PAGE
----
Teachers Leaving DISD: How Do We Know When That's a Bad Thing?
Matt Haag's story about teachers leaving DISD put me in mind of scenes like this.
Library of Congress
Odd little contretemps in recent weeks on the pages of our city's only daily newspaper: On December 4, education writer Matt Haag had a story in the The Dallas Morning News under the headline, "Dallas ISD teachers left at high rate in Superintendent Mike Miles' first year," purporting to show that Dallas teachers have been fleeing the district en masse to escape Miles' tyranny.
The anti-Miles claque has been aggressively peddling the teacher turnover story for at least three months with no success, and they seemed thrilled to have found a taker in Haag. Gadfly Bill Betzen rushed forward with online compliments, saying, "...the record-setting loss of teachers during the first year Miles was in Dallas was a true disaster."
In all, the story and the comments conjured images of World War II refugees fleeing on foot and by bicycle with their belongings stuffed in pillowcases and their grandmothers in wheelbarrows, cowering beneath the shrubbery every time they think they hear the overhead roar of Mad Mike coming back for another strafing run.
But a week later The Morning News editorial page came back with its own headline: "DISD's teacher turnover rate needs deeper study." The editorial page pointed out that the turnover rates cited in Haag's story actually were pretty close to rates of other big districts around the state.
And, wait a minute: Why is turnover automatically a disaster? "A turnover rate that looks high isn't bad if it consists of a sizable number of underperforming teachers," the editorial page said.
Well, yeah. Think about it. Turnover is only bad if you're losing people you don't want to lose. It's good if you are losing people you do want to lose. At the end of October I told you about some new research into the merit pay system in place in the Washington, D.C., public school system in which researchers found that merit pay is doing an excellent job getting the worst teachers to quit. That's a good thing.
No, you don't want your good teacher, the top 20 percent sometimes called "the irreplaceables," to abandon ship. But you absolutely do want the worst teachers to take a hike. Some research suggests American public schools could catch up with Canada and Finland if we just replaced the bottom 8 to 12 percent of really bad teachers with teachers who only meet the Lake Wobegone standard of barely above average.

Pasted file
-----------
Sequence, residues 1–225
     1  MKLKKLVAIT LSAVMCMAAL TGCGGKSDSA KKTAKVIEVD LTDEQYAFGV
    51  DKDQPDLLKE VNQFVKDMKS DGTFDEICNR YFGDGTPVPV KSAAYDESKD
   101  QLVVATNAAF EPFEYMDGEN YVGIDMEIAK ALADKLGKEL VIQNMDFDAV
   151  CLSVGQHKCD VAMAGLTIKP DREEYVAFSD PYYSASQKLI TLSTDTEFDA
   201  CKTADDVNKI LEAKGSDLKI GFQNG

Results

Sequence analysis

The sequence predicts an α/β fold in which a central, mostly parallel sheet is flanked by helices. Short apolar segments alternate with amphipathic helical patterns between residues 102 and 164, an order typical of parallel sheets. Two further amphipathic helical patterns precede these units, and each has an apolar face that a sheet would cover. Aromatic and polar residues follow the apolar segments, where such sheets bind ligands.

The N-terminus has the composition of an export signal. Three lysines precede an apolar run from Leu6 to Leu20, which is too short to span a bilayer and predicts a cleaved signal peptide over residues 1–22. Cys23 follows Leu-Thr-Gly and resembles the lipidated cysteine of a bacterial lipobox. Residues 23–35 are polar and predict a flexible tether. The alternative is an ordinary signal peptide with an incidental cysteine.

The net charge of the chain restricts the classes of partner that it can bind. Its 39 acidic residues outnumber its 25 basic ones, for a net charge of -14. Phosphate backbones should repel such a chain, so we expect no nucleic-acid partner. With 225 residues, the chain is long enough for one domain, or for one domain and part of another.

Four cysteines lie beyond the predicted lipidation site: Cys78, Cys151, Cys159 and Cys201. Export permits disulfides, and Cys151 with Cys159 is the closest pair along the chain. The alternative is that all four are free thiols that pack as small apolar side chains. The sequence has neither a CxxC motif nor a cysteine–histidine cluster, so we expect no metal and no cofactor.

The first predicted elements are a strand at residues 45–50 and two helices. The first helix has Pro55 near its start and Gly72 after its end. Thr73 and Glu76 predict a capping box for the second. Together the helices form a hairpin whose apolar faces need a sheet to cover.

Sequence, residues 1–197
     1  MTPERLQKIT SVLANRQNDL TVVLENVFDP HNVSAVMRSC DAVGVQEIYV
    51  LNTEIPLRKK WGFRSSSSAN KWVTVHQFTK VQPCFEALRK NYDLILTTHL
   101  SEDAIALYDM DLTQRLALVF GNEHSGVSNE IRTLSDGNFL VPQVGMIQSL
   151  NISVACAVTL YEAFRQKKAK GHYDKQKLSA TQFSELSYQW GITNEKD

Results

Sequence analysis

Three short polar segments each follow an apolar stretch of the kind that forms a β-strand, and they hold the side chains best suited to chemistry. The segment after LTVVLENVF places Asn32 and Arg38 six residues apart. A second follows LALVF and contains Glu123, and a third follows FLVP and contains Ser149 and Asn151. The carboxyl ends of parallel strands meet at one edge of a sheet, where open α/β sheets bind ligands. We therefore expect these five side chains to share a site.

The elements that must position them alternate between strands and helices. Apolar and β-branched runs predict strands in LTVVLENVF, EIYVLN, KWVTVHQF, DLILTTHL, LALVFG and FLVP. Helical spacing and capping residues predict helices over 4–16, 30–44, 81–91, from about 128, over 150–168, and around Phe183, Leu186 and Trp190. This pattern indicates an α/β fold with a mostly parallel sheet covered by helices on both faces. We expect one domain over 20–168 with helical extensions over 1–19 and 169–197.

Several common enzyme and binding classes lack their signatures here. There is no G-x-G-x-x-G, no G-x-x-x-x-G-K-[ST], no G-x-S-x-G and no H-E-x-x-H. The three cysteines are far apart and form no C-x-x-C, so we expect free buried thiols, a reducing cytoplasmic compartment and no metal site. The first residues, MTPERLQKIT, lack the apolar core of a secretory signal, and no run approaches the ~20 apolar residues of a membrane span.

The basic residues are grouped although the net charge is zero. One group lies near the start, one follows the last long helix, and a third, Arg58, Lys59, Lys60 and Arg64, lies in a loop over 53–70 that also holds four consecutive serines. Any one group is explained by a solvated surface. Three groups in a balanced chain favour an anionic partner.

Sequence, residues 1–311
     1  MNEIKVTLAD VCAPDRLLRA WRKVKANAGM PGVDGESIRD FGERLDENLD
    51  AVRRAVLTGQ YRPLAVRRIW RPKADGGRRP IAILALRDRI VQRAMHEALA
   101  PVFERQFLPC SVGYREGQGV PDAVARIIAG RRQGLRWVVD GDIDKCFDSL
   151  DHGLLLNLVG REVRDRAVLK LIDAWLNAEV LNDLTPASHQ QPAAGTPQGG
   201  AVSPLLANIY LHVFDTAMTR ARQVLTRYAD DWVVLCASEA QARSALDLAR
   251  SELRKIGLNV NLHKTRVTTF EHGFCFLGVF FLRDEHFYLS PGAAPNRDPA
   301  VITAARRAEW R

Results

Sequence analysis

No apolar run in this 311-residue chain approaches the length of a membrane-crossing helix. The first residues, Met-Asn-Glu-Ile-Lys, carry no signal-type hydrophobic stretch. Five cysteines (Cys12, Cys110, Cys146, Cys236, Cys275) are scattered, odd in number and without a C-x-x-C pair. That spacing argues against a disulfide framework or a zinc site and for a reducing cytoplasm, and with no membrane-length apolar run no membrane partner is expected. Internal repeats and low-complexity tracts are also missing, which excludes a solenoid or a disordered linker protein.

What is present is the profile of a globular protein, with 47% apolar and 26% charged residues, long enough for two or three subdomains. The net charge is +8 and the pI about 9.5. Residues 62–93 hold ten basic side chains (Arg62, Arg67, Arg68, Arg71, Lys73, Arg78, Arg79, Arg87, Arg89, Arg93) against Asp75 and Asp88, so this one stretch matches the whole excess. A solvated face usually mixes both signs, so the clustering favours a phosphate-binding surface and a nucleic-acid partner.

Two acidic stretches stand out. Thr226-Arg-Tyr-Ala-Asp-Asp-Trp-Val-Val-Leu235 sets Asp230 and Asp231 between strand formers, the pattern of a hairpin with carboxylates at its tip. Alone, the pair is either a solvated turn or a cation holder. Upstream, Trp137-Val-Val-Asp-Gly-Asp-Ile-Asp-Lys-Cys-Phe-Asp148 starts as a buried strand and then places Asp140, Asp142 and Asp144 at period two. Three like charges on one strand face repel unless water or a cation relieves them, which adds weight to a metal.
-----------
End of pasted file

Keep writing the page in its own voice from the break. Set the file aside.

Imagine, just for grins, that you had a very high number of driver's education teachers who were addicted to meth and had no teeth. And Matt Haag did a story in The Morning News saying "Toothless meth-head driver's ed teachers left at high rate in Superintendent Mike Mile first year." Well, that should be sufficient cause for us to all go downtown and pin a medal on Miles' chest, right?
The Morning News editorial ended on what seemed like a very solid and sober note: "... the question is who is leaving and why," the editorial writers said. "It's hard to know the answers without more analysis of the data. And until we know the answers, it's impossible to tell whether the turnover rate is a sign of progress or a symptom of failure."
Here here! But, uh, where where were these questions when Haag was penning his story? Why does the editorial page have to ask all the Reporting 101 questions, and wouldn't it be more seemly to get this stuff done earlier in the process, before the actual publishing part?
Look, Haag's a great reporter, kicking ass right now with his stories about slimy land deals at the district, although I think he could expend a little more effort making it clear to readers that the deals in question did not occur on the watch of or have anything to do with the current superintendent. If anything, the cronyism uncovered by Haag illustrates the kind of rat's nest Miles walked into when he took the job in April 2012.
I'm just saying next time the Betzens and the teachers unions come calling with one of these birthday cakes in hand, it might be wise for Haag and Tawnell Hobbs, the other reporter on the schools beat, to pause before biting and maybe ask themselves a couple devil's advocate questions.
I think Haag is great. I just hate watching him take a hiding from the editorial page. In newspaper terms, it doesn't get much more ignominious than that, like being spanked by the school nurse. It's a circumstance worth avoiding at almost any cost.
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